Eric LeGrand, author and motivational speaker, is a man with a message: “Think about the people in the disabled world and how much of a game changer you can be in their life by utilizing all the technology that you have.”
It’s been nearly ten years since the Rutgers football star sustained a spinal injury on the playing field, fracturing his C-3 and C-4 vertebrae. Over the years, Verizon has helped Eric with the tools he needs to share his story of belief and perseverance.
Verizon gave Eric a stylus pen that he can hold in his mouth to type on his phone and installed a special network in his home that allows him to open doors, turn on lights and adjust room temperature remotely.
“Being able to go on my cell phone, it gives me that feeling of independence, where I can do it myself.” said Eric.
These days, that message remains exclusively digital, but Eric hopes his message of inclusion resonates with companies like Verizon, now more than ever.
“Just imagine that gratifying feeling of knowing that you’re a part of a company that doesn’t just help the able-bodied person, but it’s helping people of all kinds and all walks of life,” said Eric. “It’s truly an amazing feeling.”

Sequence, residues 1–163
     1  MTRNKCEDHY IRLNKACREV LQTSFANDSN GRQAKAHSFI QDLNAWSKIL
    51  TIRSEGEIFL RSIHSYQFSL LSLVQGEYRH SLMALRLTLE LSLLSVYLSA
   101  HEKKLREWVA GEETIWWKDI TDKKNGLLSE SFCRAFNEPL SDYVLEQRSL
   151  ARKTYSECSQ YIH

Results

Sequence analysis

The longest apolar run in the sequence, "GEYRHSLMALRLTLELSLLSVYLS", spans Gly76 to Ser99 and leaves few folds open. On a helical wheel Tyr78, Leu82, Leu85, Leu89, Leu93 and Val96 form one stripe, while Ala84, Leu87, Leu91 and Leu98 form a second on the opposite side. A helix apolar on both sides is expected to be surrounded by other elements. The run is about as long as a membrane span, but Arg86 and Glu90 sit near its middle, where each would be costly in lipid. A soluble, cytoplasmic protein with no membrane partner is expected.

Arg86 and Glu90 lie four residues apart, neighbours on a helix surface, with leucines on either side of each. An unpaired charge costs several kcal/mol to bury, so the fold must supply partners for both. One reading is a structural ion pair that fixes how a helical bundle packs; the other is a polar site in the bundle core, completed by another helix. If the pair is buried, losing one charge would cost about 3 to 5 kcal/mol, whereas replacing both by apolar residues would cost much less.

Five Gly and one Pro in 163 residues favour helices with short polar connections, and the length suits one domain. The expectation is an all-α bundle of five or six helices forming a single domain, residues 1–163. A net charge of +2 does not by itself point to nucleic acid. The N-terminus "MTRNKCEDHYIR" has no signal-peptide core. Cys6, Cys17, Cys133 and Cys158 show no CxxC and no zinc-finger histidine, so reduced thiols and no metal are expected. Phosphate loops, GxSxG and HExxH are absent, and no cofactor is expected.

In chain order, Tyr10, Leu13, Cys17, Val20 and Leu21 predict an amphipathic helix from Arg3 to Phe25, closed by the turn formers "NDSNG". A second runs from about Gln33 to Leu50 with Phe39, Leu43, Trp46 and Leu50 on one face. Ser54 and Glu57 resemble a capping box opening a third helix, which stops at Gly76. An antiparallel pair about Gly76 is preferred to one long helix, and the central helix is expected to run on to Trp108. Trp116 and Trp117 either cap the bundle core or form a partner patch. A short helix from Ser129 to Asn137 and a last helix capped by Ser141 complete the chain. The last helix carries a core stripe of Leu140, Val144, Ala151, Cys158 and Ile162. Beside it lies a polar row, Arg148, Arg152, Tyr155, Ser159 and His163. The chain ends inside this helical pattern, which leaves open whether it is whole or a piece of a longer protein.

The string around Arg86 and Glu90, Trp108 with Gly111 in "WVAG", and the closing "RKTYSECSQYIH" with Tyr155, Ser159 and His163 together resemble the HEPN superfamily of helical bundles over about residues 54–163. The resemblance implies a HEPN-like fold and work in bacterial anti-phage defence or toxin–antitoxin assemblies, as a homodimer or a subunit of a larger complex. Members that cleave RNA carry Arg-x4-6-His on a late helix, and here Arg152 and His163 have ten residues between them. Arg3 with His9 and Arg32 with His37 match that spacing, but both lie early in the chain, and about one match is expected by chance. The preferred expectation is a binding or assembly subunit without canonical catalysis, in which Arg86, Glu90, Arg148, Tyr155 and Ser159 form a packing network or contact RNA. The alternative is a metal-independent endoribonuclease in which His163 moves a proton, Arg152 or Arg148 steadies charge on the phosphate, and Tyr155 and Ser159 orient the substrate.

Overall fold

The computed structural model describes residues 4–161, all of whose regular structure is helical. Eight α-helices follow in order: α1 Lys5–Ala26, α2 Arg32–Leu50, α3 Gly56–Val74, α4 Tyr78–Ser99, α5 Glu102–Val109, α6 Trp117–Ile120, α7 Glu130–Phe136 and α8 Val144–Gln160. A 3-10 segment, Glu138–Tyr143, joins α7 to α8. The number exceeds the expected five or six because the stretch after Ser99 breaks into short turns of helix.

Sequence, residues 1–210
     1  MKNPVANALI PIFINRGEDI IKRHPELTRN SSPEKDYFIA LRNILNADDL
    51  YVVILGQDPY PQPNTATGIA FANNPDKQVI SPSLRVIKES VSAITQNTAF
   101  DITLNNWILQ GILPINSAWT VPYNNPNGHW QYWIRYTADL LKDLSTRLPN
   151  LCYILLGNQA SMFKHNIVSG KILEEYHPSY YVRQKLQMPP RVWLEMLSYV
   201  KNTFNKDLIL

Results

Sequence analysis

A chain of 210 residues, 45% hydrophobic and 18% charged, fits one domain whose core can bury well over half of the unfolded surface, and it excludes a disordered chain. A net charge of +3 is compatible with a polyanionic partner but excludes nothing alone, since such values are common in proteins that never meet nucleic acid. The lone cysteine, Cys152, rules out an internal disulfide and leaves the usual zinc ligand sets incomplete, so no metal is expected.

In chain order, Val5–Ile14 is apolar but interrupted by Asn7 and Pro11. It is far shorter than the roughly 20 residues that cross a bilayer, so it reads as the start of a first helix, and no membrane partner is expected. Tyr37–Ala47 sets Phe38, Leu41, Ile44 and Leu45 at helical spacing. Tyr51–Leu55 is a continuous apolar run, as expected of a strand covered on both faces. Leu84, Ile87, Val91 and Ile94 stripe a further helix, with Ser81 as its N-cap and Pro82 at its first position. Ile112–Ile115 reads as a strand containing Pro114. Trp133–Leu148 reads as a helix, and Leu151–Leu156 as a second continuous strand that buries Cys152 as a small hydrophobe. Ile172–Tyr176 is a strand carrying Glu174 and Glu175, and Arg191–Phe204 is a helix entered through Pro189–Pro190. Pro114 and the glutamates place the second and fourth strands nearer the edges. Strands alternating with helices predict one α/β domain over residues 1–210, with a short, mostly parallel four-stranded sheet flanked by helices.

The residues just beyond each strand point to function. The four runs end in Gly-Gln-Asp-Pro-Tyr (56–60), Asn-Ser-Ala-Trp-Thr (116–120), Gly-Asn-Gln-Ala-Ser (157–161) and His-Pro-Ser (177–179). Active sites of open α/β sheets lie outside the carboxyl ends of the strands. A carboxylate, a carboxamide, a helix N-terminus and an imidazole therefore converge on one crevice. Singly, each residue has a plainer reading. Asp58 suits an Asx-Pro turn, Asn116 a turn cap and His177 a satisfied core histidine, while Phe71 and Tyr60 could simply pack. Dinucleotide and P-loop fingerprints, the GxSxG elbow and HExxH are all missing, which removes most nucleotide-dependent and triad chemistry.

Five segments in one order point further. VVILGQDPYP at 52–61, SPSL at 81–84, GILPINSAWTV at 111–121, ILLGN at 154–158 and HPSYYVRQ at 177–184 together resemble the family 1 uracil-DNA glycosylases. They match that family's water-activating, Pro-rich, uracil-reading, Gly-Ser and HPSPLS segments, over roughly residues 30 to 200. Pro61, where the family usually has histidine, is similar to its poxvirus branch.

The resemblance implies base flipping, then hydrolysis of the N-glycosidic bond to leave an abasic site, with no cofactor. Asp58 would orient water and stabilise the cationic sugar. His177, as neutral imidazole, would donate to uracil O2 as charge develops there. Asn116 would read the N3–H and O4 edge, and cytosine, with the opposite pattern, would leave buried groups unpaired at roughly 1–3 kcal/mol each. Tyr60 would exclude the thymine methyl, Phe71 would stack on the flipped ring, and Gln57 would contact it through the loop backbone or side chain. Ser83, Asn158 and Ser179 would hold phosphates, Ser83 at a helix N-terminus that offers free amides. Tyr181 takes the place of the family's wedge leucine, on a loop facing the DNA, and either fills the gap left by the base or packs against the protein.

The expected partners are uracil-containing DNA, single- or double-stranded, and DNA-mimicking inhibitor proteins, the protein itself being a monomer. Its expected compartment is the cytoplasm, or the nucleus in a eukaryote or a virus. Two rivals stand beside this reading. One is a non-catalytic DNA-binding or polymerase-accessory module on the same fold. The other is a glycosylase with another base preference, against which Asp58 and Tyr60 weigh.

In honor of Global Accessibility Awareness Day, Verizon Media is showing how thoughtful tech design can make an enormous impact on countless lives. We’re also getting a virtual look inside the Verizon Media Accessibility Lab, where employees and visitors learn how to build products accessible for people with& disabilities.
“We wanted to have a safe and approachable space where employees can come and learn and ask questions about accessibility,” said Margaux Joffe, Director of Accessibility Marketing at Verizon Media.
The learning continues with a virtual Accessibility Expo open to all V Teamers this afternoon from 1 to 3 PM ET.
Our thanks to Eric LeGrand and everyone on our team working to make accessibility something we can all believe in. You can learn more about Eric’s work at teamlegrand.org.
We’ll leave you with a final thought from Eric: “When you start to educate yourself on other disabilities, it opens the door to millions and millions of other people.”